Full-text available
This latest chapter in the Conservation Technology Series from WWF-UK looks at the opportunities, challenges and state-of-the-art of satellite remote sensing for conservation applications. This issue reviews available satellite imagery and derived datasets, a comprehensive guide to data sources, common processing workflows and case studies.
Article
Full-text available
Rewilding, here defined as “the reorganisation of biota and ecosystem processes to set an identified social–ecological system on a preferred trajectory, leading to the self-sustaining provision of ecosystem services with minimal ongoing management,” is increasingly considered as an environmental management option, with potential for enhancing both...
Article
The availability and accessibility of multispectral and radar Satellite Remote Sensing (SRS) imagery are at an unprecedented high. These data have both become standard source of information for investigating species ecology and ecosystems structure, composition and function at large scales. Since they capture complementary aspects of the Earth's su...
Article
Full-text available
Societal, economic and scientific interests in knowing where biodiversity is, how it is faring and what can be done to efficiently mitigate further biodiversity loss and the associated loss of ecosystem services are at an all-time high. So far, however, biodiversity monitoring has primarily focused on structural and compositional features of ecosys...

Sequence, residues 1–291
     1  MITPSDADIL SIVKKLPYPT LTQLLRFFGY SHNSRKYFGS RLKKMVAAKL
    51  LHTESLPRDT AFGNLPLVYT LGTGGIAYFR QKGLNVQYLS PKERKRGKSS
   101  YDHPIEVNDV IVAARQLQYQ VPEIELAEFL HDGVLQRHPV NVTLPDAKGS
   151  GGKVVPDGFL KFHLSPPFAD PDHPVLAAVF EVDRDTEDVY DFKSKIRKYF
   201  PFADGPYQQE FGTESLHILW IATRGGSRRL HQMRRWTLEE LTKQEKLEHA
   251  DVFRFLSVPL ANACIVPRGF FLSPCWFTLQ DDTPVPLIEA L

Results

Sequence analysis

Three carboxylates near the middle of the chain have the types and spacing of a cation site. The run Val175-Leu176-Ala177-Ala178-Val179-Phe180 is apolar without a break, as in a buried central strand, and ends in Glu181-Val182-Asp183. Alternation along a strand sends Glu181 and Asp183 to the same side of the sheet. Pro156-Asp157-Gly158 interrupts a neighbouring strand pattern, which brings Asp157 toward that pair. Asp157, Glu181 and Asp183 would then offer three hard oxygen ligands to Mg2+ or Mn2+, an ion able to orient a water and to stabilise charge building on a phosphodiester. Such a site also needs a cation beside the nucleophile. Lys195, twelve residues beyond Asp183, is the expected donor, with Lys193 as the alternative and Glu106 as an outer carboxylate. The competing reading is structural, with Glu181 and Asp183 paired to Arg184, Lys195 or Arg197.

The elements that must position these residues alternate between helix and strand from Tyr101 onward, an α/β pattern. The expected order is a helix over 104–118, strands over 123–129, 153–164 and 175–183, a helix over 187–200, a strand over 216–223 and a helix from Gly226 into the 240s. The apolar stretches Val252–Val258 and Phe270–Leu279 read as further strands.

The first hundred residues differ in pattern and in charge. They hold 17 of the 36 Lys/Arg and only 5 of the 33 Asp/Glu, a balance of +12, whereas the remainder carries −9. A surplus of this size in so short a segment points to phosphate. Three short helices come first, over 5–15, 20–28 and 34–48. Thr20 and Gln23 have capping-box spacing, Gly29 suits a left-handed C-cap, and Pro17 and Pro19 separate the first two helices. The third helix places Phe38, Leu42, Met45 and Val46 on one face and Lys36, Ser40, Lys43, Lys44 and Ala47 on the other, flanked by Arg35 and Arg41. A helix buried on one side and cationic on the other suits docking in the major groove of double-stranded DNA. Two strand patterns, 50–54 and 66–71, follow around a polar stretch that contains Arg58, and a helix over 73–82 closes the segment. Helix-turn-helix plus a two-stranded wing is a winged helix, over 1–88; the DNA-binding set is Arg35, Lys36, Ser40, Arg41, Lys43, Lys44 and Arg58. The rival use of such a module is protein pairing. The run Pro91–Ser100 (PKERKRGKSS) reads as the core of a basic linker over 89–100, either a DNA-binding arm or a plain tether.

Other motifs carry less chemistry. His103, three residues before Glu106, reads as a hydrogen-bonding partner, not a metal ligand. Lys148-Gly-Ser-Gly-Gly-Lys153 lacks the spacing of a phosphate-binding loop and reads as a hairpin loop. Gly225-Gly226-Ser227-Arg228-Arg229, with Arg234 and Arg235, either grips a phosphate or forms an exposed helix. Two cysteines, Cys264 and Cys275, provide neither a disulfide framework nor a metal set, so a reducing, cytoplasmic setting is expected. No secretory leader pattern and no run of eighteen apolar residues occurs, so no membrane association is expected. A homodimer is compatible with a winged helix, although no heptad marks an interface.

Article
Full-text available
Transboundary cooperation is being promoted as an effective way to conserve biodiversity that straddles national borders. However, monitoring the ecological outcomes of these large-scale endeavours is challenging, and as a result, the factors and processes likely to shape their effectiveness remain poorly identified and understood. To address this...

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Projects

Projects (2)
Project
This GEO pilot initiative seeks to identify, collate and make accessible environmental, ecological, and societal data and information pertaining to the implementation and monitoring of rewilding and restoration sites globally. Specifically, it aims to (1) identify the needs of diverse users of data and information pertaining to the rewilding and restoration of ecologically degraded sites; (2) improve the use of Earth observations in implementing and monitoring rewilding and restoration projects; (3) communicate, link, and develop reporting capacity that responds to policy needs.
Project
Our aim is to maximize the effectiveness of technology for conservation, ecological research, and citizen science by providing experienced as well as new users with accessible and freely available, peer-edited guidance. We've four guidance documents to date - camera trapping, passive acoustic monitoring, remote sensing with lidar, and satellite remote sensing - more planned for the future. All guidelines are freely available via ResearchGate and the WWF website. Whilst the guidelines are designed to aid practitioners in the field, they should also be useful for novices that require a basic introduction to the technologies, highly skilled professionals that are primarily interested in the latest best practice guidelines for research, and citizen scientists that may have questions about what the technologies can and cannot do.